Today’s Gospel story is so disjointed isn’t it? First we have a lovely family christening scene,- we remember when people in our church community have been baptised, with the babies in long beautiful gowns, and cake to follow.
But Jesus’ baptism is different – it’s in vivid technicolor, with doves, and voices from heaven, like a movie where the special effects budget was just too much. That’s because the supernatural aspect of baptism was very visible – and audible when Jesus was baptised.
It’s always there when we have baptisms too – little Beth was the most recently baptised here, and the Holy Spirit was no less present for that occasion that it was for Jesus’ baptism. But when Jesus was dipped under the Jordan, and the heavens opened, and the Spirit descended on him like a dove, it was verrry public. All those around him saw it, heard it. Continue reading →
I was taking the service in our local rest home the other day, and as I spoke the words of the Confession, it struck me, as it had before, that it was a bit odd to urge these frail elderly folk to turn from their sins. After all, I didn’t think any of them had been out robbing banks, or murdering people. They were all too old to commit these sorts of sins. But after reading the Gospel from Mark 1 about John the Baptist, I saw repentance in a different way, and spoke to our people about what it can mean for them. Repentance means turning away. Turning away from the past, from hurts, from regrets, from things that hold us back from floating in God’s presence and His love. That’s what my elderly friends needed to hear – they weren’t being accused of being badly behaved, just invited in the confession time to let God shine the light into their hearts, into their consciences, and deal with the old hurts.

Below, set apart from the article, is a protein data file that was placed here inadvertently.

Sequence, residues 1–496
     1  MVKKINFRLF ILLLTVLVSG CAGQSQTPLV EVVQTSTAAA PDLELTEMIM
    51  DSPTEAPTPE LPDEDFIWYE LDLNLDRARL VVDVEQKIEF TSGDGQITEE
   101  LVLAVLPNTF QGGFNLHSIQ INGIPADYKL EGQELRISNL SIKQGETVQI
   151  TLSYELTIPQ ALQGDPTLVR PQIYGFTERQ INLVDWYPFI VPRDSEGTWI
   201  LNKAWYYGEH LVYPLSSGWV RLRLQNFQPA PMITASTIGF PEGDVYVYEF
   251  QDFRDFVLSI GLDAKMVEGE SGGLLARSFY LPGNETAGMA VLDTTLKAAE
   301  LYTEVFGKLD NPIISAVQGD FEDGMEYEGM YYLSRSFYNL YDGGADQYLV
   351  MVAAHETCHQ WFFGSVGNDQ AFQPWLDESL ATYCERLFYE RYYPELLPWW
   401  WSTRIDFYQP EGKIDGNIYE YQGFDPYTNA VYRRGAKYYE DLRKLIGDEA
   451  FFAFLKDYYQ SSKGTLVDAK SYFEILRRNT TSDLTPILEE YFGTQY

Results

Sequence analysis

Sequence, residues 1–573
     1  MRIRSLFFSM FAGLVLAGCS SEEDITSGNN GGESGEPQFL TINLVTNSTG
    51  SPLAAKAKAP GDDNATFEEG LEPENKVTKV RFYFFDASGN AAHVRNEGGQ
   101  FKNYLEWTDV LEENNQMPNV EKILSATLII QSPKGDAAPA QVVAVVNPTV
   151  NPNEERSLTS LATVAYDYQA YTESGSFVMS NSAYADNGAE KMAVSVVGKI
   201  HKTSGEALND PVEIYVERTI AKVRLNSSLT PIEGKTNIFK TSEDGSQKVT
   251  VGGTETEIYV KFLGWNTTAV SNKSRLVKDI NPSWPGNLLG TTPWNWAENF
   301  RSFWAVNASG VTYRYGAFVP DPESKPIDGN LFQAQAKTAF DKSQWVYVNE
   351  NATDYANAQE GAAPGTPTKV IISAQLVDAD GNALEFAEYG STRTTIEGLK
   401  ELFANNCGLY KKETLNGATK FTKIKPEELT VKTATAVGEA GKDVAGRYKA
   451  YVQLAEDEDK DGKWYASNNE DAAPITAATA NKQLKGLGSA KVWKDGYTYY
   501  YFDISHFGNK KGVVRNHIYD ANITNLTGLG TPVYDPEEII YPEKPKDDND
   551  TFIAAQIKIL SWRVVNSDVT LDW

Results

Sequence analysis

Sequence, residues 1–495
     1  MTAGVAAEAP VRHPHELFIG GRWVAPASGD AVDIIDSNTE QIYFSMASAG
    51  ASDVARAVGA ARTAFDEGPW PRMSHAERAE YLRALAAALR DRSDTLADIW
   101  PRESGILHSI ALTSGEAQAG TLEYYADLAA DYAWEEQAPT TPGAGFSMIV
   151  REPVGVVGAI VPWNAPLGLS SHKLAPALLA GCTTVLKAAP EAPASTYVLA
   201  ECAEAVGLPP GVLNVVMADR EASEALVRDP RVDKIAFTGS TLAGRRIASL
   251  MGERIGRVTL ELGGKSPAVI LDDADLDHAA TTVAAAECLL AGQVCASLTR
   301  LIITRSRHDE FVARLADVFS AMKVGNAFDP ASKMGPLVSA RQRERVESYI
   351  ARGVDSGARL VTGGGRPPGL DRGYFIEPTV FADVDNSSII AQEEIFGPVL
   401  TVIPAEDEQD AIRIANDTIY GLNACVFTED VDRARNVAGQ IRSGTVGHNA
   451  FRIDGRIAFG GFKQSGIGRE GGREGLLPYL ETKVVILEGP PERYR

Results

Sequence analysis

And do you know what was so gratifying after bringing this short message to the elderly people – they all seemed to be more at ease, more peaceful, after the service.
May you too embrace the message of repentance, not seeing it as a stick to beat you up, but rather a chance to place all the niggles and annoyances at the cross.